Devices like these might also act as more of a teleportation (teletemporal?) devices, meaning that there is no tunnel or portal through which a person could return through from the other end. In these instances any trave would be one-way unless there was a similar device at the other end, or a means for the device to recall in addition to its ability to send travelers. This could again require the user to have some kind of special device (a homing beacon) or be marked in some other way (a chemical or radioactive, possibly chrono-radiation, tracer). The traveler could still be lost if the device was broken or lost/stolen, or possibly if the tracer agent was flushed from their body in some way.


Time travel need not be a matter of magical skill or mechanical know-how. It's possible that in order to travel through time one must harness the raw power of nature in certain locations, or via certain phenomenon. For all the good that the DeLorean did getting Marty to 1955 it was the harnessed power of a bolt of lightning that got him home.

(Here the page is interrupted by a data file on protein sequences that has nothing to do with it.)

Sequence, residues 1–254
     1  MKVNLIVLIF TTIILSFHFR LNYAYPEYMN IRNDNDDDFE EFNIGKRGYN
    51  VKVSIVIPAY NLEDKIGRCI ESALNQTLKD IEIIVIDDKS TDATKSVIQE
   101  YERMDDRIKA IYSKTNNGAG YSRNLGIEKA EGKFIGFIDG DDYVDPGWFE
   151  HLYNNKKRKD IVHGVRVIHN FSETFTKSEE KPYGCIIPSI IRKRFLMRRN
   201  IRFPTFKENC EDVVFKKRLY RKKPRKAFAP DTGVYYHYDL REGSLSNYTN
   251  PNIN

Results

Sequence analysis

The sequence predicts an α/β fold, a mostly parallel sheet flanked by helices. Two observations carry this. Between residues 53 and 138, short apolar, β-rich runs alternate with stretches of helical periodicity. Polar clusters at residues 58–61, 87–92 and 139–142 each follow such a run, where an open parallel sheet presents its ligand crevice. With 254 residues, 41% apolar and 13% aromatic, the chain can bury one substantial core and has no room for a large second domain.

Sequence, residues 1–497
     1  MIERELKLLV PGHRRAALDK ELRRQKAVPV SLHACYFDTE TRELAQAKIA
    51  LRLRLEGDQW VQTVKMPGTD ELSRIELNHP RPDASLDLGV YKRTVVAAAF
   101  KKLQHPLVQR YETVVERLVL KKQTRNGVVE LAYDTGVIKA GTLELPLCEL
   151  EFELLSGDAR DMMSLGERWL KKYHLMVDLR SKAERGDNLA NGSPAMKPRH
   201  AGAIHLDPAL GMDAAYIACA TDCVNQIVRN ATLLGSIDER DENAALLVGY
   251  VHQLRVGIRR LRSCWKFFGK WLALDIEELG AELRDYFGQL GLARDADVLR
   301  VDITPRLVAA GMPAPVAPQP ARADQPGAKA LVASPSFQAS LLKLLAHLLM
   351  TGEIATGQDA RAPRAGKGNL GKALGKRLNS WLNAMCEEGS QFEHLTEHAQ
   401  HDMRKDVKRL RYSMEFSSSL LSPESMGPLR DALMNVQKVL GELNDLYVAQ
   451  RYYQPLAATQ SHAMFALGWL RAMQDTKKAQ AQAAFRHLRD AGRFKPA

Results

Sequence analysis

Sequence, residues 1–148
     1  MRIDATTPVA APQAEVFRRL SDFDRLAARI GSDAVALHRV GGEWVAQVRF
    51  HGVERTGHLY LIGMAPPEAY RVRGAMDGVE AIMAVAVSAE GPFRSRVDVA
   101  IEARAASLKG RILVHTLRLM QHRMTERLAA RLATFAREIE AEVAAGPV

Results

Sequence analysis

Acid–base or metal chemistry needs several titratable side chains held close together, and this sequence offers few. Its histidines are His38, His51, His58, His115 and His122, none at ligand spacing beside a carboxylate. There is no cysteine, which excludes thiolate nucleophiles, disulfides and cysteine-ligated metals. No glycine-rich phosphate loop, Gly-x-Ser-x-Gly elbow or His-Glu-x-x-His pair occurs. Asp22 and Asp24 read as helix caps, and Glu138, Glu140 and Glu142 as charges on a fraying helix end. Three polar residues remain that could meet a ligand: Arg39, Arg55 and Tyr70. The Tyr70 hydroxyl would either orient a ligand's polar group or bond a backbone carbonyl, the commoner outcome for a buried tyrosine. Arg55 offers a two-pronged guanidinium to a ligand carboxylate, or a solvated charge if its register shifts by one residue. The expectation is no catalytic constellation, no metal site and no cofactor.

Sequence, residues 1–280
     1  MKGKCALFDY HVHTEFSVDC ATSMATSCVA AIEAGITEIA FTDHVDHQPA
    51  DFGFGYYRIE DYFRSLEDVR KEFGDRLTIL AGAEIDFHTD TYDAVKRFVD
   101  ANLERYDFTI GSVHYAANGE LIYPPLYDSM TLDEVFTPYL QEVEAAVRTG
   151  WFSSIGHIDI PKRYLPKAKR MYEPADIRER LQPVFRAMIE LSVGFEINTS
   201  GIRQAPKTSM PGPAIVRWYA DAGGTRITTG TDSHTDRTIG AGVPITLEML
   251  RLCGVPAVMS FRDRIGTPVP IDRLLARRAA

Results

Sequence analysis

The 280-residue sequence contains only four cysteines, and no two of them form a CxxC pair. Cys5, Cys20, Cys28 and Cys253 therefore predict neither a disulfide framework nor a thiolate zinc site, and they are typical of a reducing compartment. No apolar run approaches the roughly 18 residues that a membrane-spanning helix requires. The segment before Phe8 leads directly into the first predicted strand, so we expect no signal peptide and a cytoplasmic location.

Black holes are one of the most powerful phenomenons in all of nature. Infinite gravity is capable of bending the fabric of space itself, capturing light, and altering the way that time passes for those within its sphere of influence. For all that we know and theorize about black holes there is a lot more we don't know. The nature of the phenomenon prevents us from actually observing them directly; we can only gather data from the matter and energy trapped in a black hole's embrace while the singularity itself lies hidden behind the event horizon.